Last Night in Maui Well, we took in one last sunset (1 2 3 4 5), which lit the west maui mountains well enough to be somewhat visible (1 2 3 4). We were sad to be leaving, but as Caitie said, it is time to take a vacation from our vacation, and go to the Big Island.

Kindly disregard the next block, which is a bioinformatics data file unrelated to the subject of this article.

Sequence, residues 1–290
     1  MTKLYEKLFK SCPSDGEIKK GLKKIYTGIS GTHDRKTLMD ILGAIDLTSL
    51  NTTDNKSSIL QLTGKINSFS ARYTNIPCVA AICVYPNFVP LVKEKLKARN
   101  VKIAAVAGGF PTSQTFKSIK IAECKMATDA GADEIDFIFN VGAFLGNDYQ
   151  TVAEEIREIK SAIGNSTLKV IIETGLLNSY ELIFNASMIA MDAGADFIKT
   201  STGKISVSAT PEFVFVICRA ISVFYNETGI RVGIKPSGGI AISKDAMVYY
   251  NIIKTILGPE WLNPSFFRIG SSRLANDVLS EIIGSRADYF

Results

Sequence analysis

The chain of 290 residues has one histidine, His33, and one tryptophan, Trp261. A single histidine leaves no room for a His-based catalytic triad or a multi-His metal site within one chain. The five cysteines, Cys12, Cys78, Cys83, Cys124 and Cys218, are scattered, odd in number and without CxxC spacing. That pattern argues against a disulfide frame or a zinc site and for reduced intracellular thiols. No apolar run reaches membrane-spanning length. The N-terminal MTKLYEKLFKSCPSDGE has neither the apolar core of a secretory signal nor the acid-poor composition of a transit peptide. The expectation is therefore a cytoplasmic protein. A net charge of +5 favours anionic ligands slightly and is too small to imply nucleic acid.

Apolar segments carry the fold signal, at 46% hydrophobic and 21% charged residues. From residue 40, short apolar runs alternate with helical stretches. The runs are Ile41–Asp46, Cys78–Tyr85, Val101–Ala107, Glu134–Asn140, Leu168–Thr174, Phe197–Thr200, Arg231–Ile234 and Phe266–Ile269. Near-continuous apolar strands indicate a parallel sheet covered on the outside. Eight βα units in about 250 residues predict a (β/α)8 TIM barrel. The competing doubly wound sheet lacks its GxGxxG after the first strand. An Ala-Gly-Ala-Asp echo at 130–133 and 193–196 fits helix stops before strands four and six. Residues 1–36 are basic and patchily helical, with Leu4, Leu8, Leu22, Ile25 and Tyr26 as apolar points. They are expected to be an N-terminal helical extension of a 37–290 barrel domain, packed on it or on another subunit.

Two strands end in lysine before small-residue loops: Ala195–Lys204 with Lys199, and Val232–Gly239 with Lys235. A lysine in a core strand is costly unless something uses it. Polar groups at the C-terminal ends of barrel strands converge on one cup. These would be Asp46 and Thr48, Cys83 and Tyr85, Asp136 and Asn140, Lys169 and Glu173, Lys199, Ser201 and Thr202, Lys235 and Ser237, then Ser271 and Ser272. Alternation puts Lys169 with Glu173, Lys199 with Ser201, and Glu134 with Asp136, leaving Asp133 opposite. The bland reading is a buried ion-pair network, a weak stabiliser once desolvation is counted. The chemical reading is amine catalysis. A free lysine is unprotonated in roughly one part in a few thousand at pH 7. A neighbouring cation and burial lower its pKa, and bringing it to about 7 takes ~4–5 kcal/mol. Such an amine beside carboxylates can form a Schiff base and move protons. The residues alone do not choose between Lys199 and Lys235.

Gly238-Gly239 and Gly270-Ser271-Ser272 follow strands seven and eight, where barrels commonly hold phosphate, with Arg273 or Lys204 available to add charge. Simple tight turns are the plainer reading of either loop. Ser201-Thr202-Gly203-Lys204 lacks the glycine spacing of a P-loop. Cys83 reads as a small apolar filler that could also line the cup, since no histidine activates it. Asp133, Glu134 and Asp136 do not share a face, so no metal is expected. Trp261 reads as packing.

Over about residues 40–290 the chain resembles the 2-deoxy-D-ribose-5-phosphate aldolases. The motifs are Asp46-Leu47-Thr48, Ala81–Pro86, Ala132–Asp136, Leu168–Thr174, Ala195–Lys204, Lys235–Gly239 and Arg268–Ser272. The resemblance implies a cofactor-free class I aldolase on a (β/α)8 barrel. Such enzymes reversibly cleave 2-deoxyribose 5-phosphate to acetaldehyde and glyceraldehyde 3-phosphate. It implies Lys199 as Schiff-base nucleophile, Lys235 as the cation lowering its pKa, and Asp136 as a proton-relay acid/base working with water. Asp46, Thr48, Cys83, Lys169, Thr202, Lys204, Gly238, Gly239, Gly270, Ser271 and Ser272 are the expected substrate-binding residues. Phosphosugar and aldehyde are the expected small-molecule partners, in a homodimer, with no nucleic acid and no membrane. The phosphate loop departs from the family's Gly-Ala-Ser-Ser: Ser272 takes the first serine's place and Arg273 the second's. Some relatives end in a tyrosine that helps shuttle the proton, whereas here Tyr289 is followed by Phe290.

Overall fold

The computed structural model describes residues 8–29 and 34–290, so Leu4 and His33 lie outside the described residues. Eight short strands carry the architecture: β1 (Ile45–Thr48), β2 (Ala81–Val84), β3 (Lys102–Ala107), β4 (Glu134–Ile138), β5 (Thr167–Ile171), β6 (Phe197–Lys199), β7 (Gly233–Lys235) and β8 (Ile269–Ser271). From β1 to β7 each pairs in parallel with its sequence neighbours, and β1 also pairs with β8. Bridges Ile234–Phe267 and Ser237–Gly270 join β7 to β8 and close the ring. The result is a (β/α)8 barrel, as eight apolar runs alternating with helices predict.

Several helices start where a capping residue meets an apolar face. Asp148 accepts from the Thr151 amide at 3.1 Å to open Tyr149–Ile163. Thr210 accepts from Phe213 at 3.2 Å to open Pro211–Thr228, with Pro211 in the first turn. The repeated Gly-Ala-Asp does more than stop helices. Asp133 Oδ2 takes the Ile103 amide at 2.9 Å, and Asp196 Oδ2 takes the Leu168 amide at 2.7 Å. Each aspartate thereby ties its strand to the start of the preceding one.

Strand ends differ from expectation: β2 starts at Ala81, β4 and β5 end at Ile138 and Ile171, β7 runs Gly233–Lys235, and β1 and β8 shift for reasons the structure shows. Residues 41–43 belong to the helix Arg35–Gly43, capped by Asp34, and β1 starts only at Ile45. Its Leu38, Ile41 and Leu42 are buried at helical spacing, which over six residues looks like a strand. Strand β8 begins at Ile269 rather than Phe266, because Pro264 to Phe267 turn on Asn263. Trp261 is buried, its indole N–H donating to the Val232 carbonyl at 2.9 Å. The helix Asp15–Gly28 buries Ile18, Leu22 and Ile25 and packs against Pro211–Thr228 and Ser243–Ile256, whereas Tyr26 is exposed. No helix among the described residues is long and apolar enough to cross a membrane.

Friday, December 03, 2004